In broad form, the book tells the related stories of about a half-dozen or so major personalities involved in the city’s early history, men like Dr. Joseph Paxton who studied the matter of clearing the Great Raft and colonizing the town, Captain Henry Miller Shreve, who designed the system of doing so and commanded the effort, Jehiel Brooks, who negotiated the removal of the Caddo Indians, and Larkin Edwards, Angus Mcneil, John Sewall, Sturgis Sprague, Bushrod Jenkins, Samuel and William Beckett, and James Cane, who were among the city’s principal investors. The book makes use of over 100 scholarly sources, including letters, articles, and the historical works of other scholars, including those found in the Louisiana State University Archives. There are a few illustrations, and an index. The chapters are basically organized in a linear fashion, beginning with the Raft, proceeding to the Indian Treaty, and then to the settlers and their initial experiences.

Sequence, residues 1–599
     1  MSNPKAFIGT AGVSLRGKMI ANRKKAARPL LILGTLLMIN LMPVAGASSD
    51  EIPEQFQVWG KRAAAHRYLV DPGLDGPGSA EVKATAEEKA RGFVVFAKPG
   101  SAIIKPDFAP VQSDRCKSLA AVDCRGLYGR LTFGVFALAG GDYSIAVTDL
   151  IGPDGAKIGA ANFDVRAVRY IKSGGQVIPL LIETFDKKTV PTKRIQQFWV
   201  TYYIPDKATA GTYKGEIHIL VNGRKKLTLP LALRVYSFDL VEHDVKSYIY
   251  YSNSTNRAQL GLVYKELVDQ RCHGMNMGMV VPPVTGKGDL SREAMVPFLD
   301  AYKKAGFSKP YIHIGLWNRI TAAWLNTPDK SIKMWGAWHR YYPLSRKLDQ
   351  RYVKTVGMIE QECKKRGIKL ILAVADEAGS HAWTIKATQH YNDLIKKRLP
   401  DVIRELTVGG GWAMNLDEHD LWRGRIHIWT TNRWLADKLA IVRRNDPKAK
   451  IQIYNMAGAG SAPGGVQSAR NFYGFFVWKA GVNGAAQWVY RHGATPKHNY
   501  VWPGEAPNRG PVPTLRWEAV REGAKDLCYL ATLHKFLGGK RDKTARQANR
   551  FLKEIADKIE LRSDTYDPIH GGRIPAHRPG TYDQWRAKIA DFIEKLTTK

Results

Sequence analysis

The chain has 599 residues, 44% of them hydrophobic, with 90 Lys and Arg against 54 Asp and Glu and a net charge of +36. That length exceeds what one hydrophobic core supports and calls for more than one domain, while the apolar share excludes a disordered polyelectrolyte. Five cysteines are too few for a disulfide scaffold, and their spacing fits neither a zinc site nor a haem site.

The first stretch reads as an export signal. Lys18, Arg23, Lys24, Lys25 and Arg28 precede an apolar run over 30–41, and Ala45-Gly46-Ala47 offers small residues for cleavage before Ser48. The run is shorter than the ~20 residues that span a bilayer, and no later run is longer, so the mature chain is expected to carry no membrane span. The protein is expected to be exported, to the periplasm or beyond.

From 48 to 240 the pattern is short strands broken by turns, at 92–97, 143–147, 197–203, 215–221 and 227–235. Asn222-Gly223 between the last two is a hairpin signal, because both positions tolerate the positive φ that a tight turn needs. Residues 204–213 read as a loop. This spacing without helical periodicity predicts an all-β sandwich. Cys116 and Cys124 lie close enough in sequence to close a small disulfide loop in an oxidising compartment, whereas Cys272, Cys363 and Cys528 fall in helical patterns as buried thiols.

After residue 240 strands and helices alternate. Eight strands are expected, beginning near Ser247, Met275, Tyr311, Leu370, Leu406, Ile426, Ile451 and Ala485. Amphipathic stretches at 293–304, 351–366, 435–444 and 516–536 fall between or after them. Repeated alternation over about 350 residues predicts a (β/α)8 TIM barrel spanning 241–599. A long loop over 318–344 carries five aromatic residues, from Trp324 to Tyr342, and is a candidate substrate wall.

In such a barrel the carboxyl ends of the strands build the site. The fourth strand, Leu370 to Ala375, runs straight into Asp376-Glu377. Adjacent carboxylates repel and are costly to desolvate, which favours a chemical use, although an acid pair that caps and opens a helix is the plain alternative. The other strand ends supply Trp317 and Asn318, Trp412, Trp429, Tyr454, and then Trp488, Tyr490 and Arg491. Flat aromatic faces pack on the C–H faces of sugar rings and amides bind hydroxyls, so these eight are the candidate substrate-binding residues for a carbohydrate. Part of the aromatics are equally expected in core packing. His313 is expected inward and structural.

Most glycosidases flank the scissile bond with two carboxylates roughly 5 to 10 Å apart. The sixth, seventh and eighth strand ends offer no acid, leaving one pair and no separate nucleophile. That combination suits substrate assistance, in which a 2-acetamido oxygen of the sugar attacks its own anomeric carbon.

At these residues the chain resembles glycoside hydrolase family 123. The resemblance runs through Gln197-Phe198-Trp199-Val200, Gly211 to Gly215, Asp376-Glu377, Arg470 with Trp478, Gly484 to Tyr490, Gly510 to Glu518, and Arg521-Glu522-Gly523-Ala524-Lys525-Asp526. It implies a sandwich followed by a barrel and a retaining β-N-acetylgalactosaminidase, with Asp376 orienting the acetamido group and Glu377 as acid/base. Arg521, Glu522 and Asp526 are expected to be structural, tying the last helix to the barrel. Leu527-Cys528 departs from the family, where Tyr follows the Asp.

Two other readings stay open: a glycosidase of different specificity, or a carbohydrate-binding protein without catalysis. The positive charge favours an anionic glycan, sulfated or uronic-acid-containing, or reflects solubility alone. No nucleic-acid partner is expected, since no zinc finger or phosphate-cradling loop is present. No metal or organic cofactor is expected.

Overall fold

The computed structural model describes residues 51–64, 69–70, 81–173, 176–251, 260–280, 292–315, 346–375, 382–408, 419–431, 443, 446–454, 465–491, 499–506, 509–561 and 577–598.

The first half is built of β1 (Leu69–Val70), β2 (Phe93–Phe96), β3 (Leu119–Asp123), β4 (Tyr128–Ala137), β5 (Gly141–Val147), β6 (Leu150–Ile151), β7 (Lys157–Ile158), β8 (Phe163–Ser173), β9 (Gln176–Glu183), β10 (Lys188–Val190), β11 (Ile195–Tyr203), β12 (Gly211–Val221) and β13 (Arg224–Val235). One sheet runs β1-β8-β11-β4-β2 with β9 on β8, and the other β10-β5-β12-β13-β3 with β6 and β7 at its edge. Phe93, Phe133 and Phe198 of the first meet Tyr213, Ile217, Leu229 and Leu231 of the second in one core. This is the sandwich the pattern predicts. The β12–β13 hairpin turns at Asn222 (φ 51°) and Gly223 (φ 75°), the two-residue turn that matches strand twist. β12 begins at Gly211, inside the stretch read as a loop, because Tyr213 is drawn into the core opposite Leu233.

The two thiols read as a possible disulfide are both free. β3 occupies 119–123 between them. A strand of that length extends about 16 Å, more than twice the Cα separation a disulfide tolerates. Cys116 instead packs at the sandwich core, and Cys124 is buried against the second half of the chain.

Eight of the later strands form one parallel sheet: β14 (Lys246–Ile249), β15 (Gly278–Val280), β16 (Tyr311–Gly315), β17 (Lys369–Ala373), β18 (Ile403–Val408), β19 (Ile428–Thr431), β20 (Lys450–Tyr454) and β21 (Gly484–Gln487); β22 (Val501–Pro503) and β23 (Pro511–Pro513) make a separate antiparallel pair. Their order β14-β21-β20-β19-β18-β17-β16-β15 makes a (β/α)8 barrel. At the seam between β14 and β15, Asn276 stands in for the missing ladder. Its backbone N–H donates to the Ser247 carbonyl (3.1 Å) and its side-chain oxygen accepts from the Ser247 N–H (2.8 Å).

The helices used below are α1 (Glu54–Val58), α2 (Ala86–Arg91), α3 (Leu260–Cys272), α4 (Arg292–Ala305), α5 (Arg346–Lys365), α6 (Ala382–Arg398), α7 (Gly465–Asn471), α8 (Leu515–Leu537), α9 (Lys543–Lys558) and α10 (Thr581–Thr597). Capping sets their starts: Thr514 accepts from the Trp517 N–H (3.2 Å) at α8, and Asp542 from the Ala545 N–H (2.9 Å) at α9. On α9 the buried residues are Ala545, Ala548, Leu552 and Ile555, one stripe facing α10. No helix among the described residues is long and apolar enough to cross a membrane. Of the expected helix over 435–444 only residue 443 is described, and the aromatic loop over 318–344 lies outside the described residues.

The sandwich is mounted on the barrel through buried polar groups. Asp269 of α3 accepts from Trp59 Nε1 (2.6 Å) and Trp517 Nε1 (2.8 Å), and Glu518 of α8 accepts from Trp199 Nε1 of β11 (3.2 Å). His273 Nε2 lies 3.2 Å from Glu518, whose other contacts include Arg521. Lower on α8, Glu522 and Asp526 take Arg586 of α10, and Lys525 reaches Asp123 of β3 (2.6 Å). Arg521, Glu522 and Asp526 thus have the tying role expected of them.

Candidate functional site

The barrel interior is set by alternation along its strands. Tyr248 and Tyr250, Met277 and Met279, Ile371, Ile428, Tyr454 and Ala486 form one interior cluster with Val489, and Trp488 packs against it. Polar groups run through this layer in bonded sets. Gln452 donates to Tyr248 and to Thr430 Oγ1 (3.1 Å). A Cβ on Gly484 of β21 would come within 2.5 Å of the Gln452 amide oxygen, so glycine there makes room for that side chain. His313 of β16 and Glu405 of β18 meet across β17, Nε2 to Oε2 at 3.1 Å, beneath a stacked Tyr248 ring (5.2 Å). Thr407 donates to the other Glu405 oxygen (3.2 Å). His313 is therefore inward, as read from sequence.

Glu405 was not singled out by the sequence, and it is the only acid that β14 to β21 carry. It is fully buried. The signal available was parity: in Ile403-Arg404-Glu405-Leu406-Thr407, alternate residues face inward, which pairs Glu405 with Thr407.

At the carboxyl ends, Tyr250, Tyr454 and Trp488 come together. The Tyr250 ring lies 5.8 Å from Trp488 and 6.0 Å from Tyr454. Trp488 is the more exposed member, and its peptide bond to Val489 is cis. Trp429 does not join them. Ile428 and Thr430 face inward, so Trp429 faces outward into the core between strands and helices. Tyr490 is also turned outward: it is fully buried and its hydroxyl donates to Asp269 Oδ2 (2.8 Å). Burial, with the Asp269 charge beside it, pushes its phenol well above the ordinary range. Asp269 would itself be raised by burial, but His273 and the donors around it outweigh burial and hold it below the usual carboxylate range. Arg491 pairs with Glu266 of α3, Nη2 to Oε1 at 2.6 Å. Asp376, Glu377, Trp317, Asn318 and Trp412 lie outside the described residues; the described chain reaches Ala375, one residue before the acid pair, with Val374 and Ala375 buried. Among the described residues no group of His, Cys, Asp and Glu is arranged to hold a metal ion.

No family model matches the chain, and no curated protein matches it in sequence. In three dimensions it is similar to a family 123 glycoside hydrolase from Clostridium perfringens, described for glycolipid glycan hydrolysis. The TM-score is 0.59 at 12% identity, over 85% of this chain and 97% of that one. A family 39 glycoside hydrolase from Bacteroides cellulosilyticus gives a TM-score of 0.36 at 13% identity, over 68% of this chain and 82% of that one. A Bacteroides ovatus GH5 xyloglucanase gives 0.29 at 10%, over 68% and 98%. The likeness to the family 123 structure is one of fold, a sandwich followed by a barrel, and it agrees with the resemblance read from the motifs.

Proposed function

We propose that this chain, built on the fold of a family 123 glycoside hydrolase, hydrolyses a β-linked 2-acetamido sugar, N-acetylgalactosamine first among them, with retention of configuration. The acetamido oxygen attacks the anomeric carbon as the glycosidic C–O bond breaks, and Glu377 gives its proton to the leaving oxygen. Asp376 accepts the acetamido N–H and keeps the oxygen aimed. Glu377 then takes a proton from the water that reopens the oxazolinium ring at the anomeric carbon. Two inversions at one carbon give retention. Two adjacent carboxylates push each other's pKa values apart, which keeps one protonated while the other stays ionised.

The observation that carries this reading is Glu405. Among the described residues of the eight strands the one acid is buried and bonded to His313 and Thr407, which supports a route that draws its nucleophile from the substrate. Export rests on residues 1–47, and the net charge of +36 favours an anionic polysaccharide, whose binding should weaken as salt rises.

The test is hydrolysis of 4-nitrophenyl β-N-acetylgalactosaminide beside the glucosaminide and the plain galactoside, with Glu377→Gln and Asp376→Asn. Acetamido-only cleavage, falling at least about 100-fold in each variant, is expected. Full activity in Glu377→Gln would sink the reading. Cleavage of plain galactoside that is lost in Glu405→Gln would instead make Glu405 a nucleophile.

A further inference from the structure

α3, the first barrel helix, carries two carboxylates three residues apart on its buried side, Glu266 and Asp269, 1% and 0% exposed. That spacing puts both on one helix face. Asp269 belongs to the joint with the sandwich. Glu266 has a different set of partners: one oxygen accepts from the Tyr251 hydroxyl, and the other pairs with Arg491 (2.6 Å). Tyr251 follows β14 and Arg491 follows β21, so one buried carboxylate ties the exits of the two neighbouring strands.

Chapter One deals with the issue of clearing the Great Raft. The perceptions of those involved at the outset are critical to considering the motivations of the early settlers. By motivations, of course, we mean money, as a quote from Dr. Patterson regarding the profitability of the venture succinctly illustrates: “...opening the raft, then would reclaim at least three fourths of the land at present occupied, and rendered useless by it...which would then be worth the enormous sum of seven hundred thousand dollars (Henrici, 3).” Naturally, there was much work to be done, at significant investment, but ultimately, the expectation of profit exceeded the difficulty of the venture. But as the story continues, the reader observes that where money flows freely, ethics dry up.